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Tuesday, Feb. 17, 2009

BOJ must back bond flood: expert

Despite inflation risk, its up to the central bank to be underwriter


Staff writer

The October-December gross domestic product figures announced Monday, marking the sharpest fall in 35 years, sent shock waves through recession-racked Japan.

News photo
Yukio Noguchi YOSHIAKI MIURA PHOTO

But according to one of the nation's most influential economists, darker clouds are on the horizon. The drop reported Monday is only the beginning of the worst, and Japan may see a 10 percent decline in GDP for all of fiscal 2009, Yukio Noguchi, a professor at Waseda University's graduate school of finance, said in an interview with The Japan Times.

He has said this prediction may seem "unbelievable" to many, but nonetheless it is a likely possibility for the export-dependent economy.

"Considering the speed of the shrinkage in the U.S. trade deficit, the chance is extremely low (the negative economic growth) could stop at the October-December quarter of 2008," Noguchi said.

The only way to save the country from the looming unprecedented crisis is for the government to issue massive amounts of bonds — up to ¥30 trillion — to launch vast stimulus measures centered on public works projects, he said.

To carry out the plan, the Bank of Japan would have to underwrite government bonds — a legally prohibited taboo — despite the risk of unleashing inflation, Noguchi argued.

He pointed out that gross exports in December fell 35 percent from a year earlier, and those of the first half of January plummeted 46 percent.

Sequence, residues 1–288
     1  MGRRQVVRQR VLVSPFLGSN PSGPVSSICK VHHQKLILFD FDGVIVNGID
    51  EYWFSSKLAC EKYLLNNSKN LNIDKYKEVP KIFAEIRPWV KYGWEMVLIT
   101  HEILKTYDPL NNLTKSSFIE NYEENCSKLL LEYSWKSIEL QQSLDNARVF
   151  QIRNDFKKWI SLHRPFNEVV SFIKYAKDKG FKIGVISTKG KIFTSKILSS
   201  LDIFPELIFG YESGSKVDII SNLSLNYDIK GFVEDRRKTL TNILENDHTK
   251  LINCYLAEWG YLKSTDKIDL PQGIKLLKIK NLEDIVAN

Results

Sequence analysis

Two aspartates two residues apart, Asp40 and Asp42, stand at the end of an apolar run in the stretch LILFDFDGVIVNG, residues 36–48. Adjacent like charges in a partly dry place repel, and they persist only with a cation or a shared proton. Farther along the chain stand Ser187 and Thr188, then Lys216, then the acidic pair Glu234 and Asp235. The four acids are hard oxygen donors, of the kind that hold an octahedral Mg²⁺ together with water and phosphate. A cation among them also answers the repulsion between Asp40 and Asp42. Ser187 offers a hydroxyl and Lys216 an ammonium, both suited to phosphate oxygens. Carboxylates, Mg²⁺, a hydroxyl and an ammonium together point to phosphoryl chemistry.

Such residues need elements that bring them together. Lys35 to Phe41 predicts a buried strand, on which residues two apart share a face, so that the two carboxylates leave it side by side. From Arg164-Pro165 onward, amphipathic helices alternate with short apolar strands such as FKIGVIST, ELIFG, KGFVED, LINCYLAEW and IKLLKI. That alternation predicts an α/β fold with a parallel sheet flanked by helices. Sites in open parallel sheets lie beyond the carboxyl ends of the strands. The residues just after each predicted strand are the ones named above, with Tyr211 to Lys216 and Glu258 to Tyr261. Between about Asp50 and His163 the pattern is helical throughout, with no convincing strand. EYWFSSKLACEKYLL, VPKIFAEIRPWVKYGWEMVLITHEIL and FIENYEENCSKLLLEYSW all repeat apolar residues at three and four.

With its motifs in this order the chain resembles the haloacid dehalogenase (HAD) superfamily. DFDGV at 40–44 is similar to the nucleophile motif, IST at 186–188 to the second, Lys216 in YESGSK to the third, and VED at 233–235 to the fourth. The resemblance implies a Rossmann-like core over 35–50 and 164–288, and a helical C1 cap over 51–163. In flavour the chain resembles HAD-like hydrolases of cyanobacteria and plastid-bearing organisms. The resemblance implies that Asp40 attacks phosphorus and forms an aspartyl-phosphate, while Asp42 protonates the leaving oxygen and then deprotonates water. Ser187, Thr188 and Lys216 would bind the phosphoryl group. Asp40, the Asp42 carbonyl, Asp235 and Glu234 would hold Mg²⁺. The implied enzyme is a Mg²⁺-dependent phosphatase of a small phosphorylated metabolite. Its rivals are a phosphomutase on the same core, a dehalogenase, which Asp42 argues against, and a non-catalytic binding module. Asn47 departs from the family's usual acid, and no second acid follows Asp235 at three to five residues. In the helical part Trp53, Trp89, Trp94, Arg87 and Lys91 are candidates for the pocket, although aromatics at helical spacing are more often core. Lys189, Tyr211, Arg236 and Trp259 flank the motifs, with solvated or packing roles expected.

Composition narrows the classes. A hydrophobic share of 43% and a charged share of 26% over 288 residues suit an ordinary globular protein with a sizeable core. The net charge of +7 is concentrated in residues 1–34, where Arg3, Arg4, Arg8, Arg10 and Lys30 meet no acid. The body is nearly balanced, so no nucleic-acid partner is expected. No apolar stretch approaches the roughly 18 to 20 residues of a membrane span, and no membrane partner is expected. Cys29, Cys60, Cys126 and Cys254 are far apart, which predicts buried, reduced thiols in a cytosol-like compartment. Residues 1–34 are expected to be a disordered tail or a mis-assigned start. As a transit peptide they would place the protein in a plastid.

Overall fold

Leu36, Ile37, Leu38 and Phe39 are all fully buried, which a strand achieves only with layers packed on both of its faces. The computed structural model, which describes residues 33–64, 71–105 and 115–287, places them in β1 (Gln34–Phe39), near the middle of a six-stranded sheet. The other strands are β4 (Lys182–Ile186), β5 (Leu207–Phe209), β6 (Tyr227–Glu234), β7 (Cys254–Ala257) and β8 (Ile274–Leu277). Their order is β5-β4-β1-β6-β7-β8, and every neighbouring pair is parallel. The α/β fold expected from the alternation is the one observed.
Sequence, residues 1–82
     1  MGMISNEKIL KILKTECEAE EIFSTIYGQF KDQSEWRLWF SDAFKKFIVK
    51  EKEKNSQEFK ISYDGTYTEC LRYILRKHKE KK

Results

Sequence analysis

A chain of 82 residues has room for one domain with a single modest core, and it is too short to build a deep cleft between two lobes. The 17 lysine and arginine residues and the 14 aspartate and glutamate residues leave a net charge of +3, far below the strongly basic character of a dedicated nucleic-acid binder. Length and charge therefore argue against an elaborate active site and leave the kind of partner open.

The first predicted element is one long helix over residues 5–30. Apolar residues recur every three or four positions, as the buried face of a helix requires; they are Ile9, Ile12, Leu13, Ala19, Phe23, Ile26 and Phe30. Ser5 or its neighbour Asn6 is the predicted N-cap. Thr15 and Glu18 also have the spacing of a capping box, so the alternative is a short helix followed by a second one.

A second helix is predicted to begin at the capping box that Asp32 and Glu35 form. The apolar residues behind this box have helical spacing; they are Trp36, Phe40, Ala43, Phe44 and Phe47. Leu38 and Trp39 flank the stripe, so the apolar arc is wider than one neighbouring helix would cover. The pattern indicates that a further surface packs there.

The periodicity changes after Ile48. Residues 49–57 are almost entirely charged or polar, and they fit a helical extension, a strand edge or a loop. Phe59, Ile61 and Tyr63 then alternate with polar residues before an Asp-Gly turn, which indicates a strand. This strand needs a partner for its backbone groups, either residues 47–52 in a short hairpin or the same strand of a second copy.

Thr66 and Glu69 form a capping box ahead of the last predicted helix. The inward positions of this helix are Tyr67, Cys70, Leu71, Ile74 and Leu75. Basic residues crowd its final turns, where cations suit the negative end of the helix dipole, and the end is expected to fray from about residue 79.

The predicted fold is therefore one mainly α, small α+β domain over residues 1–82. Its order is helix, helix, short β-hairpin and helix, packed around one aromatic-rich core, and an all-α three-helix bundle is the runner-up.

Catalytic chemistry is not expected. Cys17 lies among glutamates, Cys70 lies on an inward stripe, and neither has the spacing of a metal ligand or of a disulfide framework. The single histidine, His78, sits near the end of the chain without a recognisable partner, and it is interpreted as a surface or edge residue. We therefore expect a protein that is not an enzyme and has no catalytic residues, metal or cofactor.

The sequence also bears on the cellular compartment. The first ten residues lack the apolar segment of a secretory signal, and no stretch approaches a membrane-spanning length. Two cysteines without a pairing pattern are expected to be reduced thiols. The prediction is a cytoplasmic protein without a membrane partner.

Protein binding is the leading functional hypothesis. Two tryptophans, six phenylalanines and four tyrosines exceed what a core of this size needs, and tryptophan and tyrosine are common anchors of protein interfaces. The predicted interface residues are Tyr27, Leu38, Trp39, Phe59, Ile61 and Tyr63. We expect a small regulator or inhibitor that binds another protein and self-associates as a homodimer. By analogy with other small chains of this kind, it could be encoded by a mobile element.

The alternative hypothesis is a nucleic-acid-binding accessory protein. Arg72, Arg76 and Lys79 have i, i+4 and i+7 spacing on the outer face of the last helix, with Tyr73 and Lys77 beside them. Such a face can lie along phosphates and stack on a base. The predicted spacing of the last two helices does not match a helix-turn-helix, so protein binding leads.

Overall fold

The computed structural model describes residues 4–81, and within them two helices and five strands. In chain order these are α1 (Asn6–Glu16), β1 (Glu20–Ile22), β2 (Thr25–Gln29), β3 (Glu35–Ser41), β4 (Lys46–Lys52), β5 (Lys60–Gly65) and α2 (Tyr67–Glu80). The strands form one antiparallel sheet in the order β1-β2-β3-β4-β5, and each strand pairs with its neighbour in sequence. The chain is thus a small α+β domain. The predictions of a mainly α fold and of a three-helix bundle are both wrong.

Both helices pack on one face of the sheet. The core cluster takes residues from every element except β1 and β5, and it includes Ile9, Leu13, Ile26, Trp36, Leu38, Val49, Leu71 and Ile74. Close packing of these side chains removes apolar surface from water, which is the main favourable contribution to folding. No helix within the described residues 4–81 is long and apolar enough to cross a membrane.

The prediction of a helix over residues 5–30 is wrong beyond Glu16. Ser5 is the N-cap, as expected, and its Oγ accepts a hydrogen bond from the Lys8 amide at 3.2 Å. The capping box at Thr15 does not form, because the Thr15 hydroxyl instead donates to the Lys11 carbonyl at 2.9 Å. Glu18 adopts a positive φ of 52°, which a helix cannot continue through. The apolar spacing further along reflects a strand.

"Therefore, (negative economic growth) will continue until at least the middle of fiscal 2009," Noguchi predicted, warning the negative economic growth could last until the end of this year.

Noguchi's bold prediction is far more pessimistic than earlier forecasts by other research institutions as well as the BOJ.

For fiscal 2009, the BOJ forecast economic growth of minus 2 percent. Real growth won't resume until fiscal 2010, when the economy is predicted to grow by 1.5 percent, according to the BOJ.

But Noguchi argued the situation is far more severe, because four types of bubbles are bursting.

They include U.S. housing prices, securitized products, U.S. consumption made possible by consumer loans for housing collateral, and the value of the yen, which he argued had been kept weak against the dollar.

Noguchi pointed out that the BOJ has maintained extremely low interest rates in recent years that consequently kept the yen's value low and thus greatly benefited the country's exporters.

The low exchange rate helped maintain the old structure of export-dependent manufacturing, instead of fostering innovations to create a new market frontier, Noguchi argued.

But the recent yen's rise amid the global crisis has started severely hurting exporters and thus the whole economy.

Noguchi also pointed out that Japan sells industrial parts and machines to China, where consumer goods are manufactured and then exported to the U.S.

As the Chinese exports to the U.S. fall, the Japanese exports to China also decline, further damaging the economy, he said.

Noguchi stressed that Japan needs to consider both short-term and long-term solutions to the crisis.

One long-term goal would be to change the country's industrial structure to reduce its dependence on exports.

A short-term solution would include fiscal expenditures of up to around ¥30 trillion to cope with the plunge in demand and soaring unemployment.

Having the BOJ underwrite such a massive amount of government bonds would be the only viable option, because private-sector investors would not able to digest them on the market, Noguchi said.

The government must show an exit strategy clearly in advance before embarking on such a course, including a pledge to immediately halt the issuance of government bonds once the economy starts growing again, he said.

Noguchi acknowledged that the BOJ is prohibited by law from underwriting state bonds because of the inflationary threat of such action, but noted the Diet could approve this without having to revise the law.



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The Japan Times

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